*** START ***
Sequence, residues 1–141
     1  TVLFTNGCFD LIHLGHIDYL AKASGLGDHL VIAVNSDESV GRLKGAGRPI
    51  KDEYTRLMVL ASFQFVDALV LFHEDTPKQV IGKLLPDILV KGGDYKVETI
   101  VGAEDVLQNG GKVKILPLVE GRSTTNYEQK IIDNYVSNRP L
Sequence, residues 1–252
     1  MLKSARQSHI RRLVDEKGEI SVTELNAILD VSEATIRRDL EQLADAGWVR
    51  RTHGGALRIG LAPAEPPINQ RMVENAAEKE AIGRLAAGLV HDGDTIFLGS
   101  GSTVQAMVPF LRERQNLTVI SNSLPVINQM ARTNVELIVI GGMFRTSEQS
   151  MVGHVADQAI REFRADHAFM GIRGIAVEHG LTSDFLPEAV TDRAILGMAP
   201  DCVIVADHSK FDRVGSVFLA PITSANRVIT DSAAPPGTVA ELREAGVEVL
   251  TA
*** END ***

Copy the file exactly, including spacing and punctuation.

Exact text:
Sequence, residues 1–141
     1  TVLFTNGCFD LIHLGHIDYL AKASGLGDHL VIAVNSDESV GRLKGAGRPI
    51  KDEYTRLMVL ASFQFVDALV LFHEDTPKQV IGKLLPDILV KGGDYKVETI
   101  VGAEDVLQNG GKVKILPLVE GRSTTNYEQK IIDNYVSNRP L
Sequence, residues 1–252
     1  MLKSARQSHI RRLVDEKGEI SVTELNAILD VSEATIRRDL EQLADAGWVR
    51  RTHGGALRIG LAPAEPPINQ RMVENAAEKE AIGRLAAGLV HDGDTIFLGS
   101  GSTVQAMVPF LRERQNLTVI SNSLPVINQM ARTNVELIVI GGMFRTSEQS
   151  MVGHVADQAI REFRADHAFM GIRGIAVEHG LTSDFLPEAV TDRAILGMAP
   201  DCVIVADHSK FDRVGSVFLA PITSANRVIT DSAAPPGTVA ELREAGVEVL
   251  TA